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Nancy Schimelpfening

Depression After Miscarriage May Last for Years

By March 8, 2011

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According to researchers, some women may experience depression for years after having a miscarriage.

Lead researcher Emma Robertson Blackmore, an assistant professor of psychiatry at the University of Rochester Medical Center, and her colleagues  studied 13, 133 pregnant women in Britain taking part in a long-term study call the Avon Longitudinal Study of Parents and Children.

The women were asked about miscarriages and stillbirths and they were assessed for symptoms of depression and anxiety twice during their pregnancies and four times after giving birth.   It was found that 21% reported one or more miscarriages, while 108 reported one stillbirth.  Three of the women reported having had two still births.

"We found no evidence that affective symptoms associated with previous prenatal loss resolve with the birth of a healthy child," said Blackmore  "Rather, previous prenatal loss showed a persisting prediction of depressive and anxiety symptoms well after what would conventionally be defined as the postnatal period."

The study also found that, of the women with one prior miscarriage or stillbirth, almost 13% still had symptoms of depression 33 months after the birth of their healthy child.  Of those with two previous pregnancy losses, almost 19% had symptoms of depression 33 months after giving birth.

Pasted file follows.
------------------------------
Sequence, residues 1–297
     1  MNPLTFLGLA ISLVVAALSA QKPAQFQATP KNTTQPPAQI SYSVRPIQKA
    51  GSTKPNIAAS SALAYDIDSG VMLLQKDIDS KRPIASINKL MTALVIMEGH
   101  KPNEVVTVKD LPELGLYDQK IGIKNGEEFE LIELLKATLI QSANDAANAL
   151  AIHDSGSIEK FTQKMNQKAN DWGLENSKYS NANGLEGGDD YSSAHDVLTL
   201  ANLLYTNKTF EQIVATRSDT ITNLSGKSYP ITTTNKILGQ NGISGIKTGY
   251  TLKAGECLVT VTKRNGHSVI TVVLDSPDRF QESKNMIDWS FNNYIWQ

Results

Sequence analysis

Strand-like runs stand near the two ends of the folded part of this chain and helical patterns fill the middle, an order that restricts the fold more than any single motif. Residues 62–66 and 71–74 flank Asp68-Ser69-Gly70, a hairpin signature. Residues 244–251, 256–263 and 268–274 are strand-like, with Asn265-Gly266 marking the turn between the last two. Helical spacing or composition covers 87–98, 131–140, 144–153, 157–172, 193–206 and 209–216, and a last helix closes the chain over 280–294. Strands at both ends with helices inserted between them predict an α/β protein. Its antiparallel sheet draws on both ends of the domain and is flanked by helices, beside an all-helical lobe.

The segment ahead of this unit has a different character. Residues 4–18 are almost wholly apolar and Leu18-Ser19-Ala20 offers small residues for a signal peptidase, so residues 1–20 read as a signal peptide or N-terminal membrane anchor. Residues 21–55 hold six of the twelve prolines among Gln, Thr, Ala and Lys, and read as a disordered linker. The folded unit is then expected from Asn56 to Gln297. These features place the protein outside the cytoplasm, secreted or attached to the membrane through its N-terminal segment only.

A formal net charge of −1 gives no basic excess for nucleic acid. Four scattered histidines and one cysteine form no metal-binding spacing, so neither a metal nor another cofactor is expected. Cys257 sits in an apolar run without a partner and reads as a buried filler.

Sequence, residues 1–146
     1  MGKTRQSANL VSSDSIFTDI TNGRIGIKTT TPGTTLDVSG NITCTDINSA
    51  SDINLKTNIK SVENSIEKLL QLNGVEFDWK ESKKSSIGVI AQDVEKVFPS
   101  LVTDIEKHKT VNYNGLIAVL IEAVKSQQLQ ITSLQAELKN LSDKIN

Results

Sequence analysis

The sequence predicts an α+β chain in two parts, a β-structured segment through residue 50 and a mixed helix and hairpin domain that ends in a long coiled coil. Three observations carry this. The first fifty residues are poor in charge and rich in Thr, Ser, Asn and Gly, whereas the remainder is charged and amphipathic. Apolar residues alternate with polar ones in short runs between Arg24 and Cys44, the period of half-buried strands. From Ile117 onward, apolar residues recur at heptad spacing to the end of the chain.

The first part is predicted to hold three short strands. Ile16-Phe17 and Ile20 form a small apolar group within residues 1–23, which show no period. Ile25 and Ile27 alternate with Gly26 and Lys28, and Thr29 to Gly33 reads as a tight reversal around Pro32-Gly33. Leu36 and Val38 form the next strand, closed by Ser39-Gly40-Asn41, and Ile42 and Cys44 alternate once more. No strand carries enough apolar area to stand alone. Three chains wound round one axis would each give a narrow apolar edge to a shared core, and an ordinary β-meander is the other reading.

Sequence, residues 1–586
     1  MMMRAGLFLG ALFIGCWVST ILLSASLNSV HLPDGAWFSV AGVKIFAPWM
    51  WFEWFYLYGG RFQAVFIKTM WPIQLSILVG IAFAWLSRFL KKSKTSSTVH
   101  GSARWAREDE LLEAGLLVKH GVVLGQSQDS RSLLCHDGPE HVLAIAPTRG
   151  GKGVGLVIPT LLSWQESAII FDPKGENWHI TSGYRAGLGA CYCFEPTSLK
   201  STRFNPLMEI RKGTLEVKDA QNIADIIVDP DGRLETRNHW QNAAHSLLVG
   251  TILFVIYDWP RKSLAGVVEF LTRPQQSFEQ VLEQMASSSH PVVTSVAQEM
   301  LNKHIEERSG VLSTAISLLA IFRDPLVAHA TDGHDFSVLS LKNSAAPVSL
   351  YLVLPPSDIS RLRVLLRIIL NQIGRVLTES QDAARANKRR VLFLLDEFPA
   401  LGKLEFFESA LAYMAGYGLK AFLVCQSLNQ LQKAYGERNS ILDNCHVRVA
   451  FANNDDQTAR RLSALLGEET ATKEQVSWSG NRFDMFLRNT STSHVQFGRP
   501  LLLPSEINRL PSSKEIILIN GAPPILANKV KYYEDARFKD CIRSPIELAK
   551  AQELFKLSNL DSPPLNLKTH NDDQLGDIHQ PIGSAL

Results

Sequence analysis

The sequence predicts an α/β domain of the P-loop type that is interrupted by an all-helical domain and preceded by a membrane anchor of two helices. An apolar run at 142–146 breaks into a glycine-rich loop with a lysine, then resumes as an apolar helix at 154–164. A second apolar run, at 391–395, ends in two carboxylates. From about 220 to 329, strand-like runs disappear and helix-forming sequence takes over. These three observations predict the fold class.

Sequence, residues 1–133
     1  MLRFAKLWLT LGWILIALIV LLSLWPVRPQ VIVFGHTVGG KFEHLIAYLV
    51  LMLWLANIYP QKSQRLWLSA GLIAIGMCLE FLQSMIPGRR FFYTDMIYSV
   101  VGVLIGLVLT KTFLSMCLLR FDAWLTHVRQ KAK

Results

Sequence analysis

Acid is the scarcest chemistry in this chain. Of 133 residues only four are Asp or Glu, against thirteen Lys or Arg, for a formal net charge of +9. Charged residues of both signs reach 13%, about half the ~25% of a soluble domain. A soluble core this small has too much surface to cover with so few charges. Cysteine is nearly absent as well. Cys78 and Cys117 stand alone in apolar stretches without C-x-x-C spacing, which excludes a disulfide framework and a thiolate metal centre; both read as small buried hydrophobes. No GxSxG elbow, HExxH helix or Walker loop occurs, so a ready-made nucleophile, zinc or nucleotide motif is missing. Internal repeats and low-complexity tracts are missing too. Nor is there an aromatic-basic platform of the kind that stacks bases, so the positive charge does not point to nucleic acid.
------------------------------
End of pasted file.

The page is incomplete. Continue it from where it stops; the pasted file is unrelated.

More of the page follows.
The study appears in the British Journal of Psychiatry.

Comments
March 10, 2011 at 9:20 pm
(1) Ann says:

I am a 39 years old woman, had a stillbirth in 2009 at 26 weeks. Since then I have been diagnosed with Dysthymia and Anxiety. I cannot bring myself to read anything about babies, let along news like pregnancies and miscarriages. I cried excessively thinking about how much my unborn baby has suffered and blamed myself for everything I could have done. The reality is, the doctors have said that I did nothing wrong (I am a non smoker and non drinker) and the truth is, they will never know what had really happened. It feels like a blackhole in my head, no way out. Guilt’s consuming me slowly. There were sunny days but most of the time, I wished I never wake up. I have excellent private psychiatric help and I am feeling better, for now. I still cry at the drop of a hat and knowing that I will never forget and forgive myself for the rest of my life.

March 12, 2011 at 8:29 pm
(2) Moshe Sharon says:

When we hear about “depression” we associate this word with mental illness. However, contrary to what the drug peddling psychiatrists say about it, depression is not an illness; it’s a human condition. It’s the opposite of joy, so it is part of an emotional spectrum with extremes at both ends. Morever, when we look at the buzz words dealing with depression in the realm of popular psychology such as, “self esteem”, “self worth”, “self image”, “self love”, “self Loathing”, etc., we can get that this entire area of study is about ego-centrism. There is no room in this private domain for anyone else. Moreover, the way our society deals with this subject as a whole even encourages narcissism. Therefore, barring any chemical or hormonal imbalances which doctors can correct, the person suffering from chronic bouts of depression needs to focus on the needs of others. The best therapy is a program that encourages people to be more altruistic and less self-centered.

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